The sun started rising higher.
It was getting hotter and the aluminium furniture was uneasy to sit upon.
His agitation grew with every passing minute and the muddled up head didn’t make it any easier. The sun shone brightly now. It got more and more difficult to peer inside the room. He could see a reflection of himself in the glass now. He looked highly emaciated. A stick thin figure stared back at him instead of his own reflection.
‘Aaaaaaaaaaaaaaaaaaaaaa’ he shrieked and went closer to the image. This couldn't be him. Why was his head shaped like a pyramid? His face was toad like and rest of the body was human. His eyes were as big as his nose and fell on each side of the two ridges that his face was divided into. No wonder he couldn’t focus on reading this morning. He ran his feminine hands over his amphibious neck. Ewww slimy!
He pressed his body against the window, cupped the bony fingers around his face and decided to keep looking inside the room, hoping for a miracle or a housekeeper to enter, despite the big bold ‘Do Not Disturb’ sign.
Now he knew for sure, it was a dream and he was stuck outside his room. He closed his eyes and prayed hard for it to be all over, at the earliest. He wanted to open his eyes and find himself snuggled in the cool white sheets. ‘Zapakkk’ he opened his eyes expecting the miracle to have occurred.
He was still standing in the sun, wearing his straw hat.
He wanted to cry. Why was God punishing him? What had he done? All he did was have a good time, meet a few strangers, made a few friends and gone off to sleep singing a native song. He didn’t think he did anything to deserve such mind games.
‘Aaaaaaaaaaaaaaaaaaaaaaaaaaaaaaaaaaaaaaaa’ he screamed.
‘Aaaaaaaaaaaaaaaaaaaaaaaaaaaaaaaaaaaaaaaaaaaaaaaaaaaaaaa’ he screamed again.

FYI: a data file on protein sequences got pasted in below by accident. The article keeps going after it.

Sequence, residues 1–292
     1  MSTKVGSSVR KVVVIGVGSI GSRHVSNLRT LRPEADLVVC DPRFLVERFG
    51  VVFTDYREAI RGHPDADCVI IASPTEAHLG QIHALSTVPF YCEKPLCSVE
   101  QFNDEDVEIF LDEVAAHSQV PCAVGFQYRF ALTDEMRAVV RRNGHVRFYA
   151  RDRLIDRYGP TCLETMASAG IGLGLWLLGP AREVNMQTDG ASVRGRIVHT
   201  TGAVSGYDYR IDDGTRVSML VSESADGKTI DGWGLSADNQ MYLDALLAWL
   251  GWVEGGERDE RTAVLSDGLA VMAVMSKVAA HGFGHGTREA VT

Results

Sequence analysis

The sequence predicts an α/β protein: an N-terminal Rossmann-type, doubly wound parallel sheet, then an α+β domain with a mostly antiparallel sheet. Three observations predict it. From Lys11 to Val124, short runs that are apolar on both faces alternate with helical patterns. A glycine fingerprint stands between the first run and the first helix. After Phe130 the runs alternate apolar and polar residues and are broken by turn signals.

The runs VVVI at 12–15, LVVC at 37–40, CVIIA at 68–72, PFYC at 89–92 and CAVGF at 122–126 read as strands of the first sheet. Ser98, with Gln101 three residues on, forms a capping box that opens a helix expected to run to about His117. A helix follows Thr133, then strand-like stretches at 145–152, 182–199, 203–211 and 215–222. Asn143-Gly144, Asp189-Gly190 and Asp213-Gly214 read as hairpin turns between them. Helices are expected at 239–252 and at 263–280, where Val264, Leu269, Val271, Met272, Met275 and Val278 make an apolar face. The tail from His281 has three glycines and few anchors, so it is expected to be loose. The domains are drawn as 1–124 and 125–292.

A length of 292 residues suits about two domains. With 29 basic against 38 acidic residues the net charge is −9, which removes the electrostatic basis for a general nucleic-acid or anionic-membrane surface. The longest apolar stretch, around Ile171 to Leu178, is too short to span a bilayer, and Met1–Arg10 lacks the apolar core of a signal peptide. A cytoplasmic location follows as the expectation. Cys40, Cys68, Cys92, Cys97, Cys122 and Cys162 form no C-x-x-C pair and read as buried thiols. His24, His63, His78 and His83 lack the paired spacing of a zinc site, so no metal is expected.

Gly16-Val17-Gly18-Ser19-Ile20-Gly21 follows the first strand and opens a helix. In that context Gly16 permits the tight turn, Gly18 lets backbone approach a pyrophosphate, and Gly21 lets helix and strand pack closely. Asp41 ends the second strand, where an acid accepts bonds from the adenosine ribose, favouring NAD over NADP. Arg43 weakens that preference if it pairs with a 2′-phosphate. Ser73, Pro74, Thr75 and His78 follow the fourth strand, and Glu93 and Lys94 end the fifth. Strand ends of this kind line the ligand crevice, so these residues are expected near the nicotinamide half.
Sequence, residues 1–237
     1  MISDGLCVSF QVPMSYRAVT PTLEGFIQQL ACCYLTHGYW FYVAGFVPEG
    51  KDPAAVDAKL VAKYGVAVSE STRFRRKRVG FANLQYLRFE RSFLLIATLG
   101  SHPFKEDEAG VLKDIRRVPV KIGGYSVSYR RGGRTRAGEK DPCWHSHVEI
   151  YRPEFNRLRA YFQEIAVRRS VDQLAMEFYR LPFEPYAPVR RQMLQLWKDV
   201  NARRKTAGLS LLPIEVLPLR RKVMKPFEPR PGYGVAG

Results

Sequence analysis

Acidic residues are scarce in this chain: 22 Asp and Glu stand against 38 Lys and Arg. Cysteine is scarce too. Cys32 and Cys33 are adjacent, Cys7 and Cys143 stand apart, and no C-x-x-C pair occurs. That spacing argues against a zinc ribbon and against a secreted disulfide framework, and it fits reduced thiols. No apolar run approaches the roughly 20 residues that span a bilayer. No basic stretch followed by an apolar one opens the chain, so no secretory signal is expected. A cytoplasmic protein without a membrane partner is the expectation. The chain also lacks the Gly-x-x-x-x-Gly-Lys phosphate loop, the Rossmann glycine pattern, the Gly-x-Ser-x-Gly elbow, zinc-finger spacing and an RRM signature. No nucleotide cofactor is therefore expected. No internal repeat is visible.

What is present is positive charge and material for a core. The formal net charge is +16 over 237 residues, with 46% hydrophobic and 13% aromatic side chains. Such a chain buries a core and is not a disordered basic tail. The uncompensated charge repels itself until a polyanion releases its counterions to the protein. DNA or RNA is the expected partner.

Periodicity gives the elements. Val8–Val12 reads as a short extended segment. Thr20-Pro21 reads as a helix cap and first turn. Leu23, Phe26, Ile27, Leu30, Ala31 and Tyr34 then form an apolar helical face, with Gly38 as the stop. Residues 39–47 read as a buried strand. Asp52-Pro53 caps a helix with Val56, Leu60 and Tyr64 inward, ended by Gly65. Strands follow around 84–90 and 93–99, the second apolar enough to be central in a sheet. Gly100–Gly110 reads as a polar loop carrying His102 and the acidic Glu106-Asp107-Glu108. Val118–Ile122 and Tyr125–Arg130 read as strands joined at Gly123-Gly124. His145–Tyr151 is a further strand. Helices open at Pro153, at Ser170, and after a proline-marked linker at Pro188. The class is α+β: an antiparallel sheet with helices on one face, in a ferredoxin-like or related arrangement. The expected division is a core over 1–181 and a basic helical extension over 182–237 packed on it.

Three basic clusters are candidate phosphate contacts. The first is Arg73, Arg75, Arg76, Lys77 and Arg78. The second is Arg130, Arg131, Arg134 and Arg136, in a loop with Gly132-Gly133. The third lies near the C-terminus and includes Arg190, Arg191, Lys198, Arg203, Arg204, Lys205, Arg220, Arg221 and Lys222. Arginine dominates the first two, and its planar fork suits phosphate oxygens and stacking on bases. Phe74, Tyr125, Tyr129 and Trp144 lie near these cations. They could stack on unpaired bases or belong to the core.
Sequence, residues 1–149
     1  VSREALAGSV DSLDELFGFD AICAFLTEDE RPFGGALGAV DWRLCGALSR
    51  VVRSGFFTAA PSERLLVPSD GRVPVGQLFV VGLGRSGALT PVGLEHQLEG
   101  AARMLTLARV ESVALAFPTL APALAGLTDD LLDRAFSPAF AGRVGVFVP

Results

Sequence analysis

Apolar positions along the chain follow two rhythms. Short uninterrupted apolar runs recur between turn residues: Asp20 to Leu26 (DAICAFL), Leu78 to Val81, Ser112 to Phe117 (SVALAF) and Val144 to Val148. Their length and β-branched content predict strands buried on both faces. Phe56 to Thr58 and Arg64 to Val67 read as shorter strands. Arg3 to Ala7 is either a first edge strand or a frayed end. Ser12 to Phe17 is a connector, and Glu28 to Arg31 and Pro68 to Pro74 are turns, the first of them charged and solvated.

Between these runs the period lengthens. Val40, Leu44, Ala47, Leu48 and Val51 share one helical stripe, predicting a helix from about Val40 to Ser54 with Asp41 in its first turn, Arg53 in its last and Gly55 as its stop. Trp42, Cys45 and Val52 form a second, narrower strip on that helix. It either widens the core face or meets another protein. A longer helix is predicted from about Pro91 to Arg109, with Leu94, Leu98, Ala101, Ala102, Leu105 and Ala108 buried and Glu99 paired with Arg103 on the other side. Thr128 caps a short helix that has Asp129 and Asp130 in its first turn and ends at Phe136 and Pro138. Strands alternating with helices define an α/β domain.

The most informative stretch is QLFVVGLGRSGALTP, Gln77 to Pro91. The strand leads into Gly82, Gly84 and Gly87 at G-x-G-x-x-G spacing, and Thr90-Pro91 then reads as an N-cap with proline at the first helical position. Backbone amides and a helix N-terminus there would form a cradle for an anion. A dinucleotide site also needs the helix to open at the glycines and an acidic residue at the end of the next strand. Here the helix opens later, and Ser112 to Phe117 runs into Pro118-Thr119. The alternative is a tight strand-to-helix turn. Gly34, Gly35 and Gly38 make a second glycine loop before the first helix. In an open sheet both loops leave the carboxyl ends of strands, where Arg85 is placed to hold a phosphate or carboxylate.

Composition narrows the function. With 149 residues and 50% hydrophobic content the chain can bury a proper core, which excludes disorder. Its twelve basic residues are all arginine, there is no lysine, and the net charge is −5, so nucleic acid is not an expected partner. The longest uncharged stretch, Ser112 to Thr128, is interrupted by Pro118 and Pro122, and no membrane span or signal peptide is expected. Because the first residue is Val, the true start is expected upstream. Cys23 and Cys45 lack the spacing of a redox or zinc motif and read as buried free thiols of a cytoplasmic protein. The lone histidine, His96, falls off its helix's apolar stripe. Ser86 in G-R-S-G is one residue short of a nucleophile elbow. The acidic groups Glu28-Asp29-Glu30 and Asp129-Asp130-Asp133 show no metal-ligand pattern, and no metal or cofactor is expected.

He started crying. Uncontrollably. He cried his heart out.
He sat on the big patio chair. The scorching metal was no less than a branding iron, marking his livestock existence. A mustang stuck in a never-ending rat race.
He picked up the big chair, ready to break the glass door and get back in. As he was about to hit, he saw a tiny button on the wall. It was hidden behind the chair all this while. ‘Press to open window’ it read. He pressed it and got inside, rushing to look at himself in the big mirror. He wanted to give himself one big shake and make sure that all this wasn’t really happening.
As he moved from the living room into the bedroom he saw the half empty glasses, dishevelled sofa, sand on the carpet and a few petals from his welcome garland, lying strewn. He didn’t remember any of this. Who was in here with him? Whom did he get back to the hotel last night?
He waited to hear any sound. There was none.
‘Aaaaaaaaaaaaaaaaaaaaaaaaa’ he shrieked as he ran to open the electronic safe. It was open. His wallet, traveller’s cheques, wads of foreign currency and the wedding ring were intact. He had forgotten to close the safe. He breathed a sigh of relief and looked at the bed. It was untouched.
The mirror facing the bed had a different story to tell.
He was in his floral party clothes, sitting upright on the bed. His grey balding hatless head wobbled for no reason. Glistening beads of perspiration on them caught the light from the night lamp now and then.
As a matter of fact, he had been at the Luau waiting for something exciting to happen last night. Nothing much had happened but for an exchange of some pleasantries with the dancers. He ordered a few too many. The hotel staff had to help him back to his room, along with his drinks. He put up a brave fight with them and passed out before they could dump him on the bed.
It was four am right now and he had just woken up. The delusional nightmare was over.
But somewhere deep down, his subconscious had unleashed all his secret yearnings and doings. They have a knack of running riot and surface at the oddest of hours, these cached copies of desires.